I’m thrilled, because today I finished reading the Bible cover-to-cover. (Well, sort of – my Palm doesn’t have a cover.) I started last July by converting the chronological reading list at bibleinayear.org into a HandyShopper list that followed me around on my Palm. I took less than a year to read because I read more than one day’s worth every so often.
If you haven’t read God’s love letter to you from start to finish, I encourage you to give it a try. It makes it abundantly clear how much God loves you and wants to be a part of your life.
Now that I’m done, I’m not sure how I’m going to decide what to read next. I’m subscribed to Our Daily Bread in AvantGo, and I get a magazine from my church group called ec. One of these will probably become my guide for future study of God’s Word.
The University of South Dakota is the first college campus in the United States to hand out Palm handheld computers to every student. This is a very cool thing. Students will be able to keep track of homework, read many handouts without ever printing them on paper, and check e-mail completely through their Palms. Heck, they can even HotSync at IR stations built into the walls all over campus.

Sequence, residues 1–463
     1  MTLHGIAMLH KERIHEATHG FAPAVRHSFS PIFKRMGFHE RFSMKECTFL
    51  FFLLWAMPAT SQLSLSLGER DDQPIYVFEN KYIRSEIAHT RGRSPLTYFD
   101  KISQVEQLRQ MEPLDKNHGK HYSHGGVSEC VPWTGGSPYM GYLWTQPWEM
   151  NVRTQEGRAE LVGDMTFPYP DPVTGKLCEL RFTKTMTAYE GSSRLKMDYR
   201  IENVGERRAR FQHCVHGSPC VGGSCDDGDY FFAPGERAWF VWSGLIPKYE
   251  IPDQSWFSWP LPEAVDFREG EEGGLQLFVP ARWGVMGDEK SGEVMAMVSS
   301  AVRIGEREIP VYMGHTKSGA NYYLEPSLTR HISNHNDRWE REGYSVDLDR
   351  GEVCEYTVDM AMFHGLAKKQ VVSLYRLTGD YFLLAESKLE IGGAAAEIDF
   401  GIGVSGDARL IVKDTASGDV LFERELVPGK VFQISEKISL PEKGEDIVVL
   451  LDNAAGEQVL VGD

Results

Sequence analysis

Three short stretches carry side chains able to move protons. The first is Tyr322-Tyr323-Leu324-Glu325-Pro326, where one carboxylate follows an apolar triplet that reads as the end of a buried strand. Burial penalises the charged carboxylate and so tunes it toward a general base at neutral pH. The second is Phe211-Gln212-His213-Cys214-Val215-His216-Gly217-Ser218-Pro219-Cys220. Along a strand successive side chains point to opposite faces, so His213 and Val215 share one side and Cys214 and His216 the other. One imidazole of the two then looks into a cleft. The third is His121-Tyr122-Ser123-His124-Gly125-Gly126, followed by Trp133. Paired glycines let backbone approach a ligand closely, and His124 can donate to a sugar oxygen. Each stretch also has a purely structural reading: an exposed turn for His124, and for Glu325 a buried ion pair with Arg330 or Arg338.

I’ve been a fan of Palm organizers since I bought a IIIxe. It lasted about two years before I dropped it and the screen smashed into smithereens.
Right now, my trusty m515 is charging on its cradle. It goes with me almost everywhere I go. On it is my homework, appointments, games, Bible, and more. During my free time, I’m working on getting it set up for offline blogging – more on this when it’s finished.
Anyway, Palm handhelds rock. They eat up less memory and less batteries than their Pocket PC rivals, and they’re a lot more intuitive to use. One place where Pocket PCs have a head-start is Wi-Fi access. This will soon change.
I’ve been a strong advocate for getting a Palm into the hands of every student that can read. It’s better for high school and college students, but I think our increasingly technology-oriented children will get the hang of it. If nothing else, a Palm campus will help prevent back injuries. Of course, I see the potential for much, much better uses as well.
(Original link via the University of Washington AccessIT page, which is itself an interesting read.)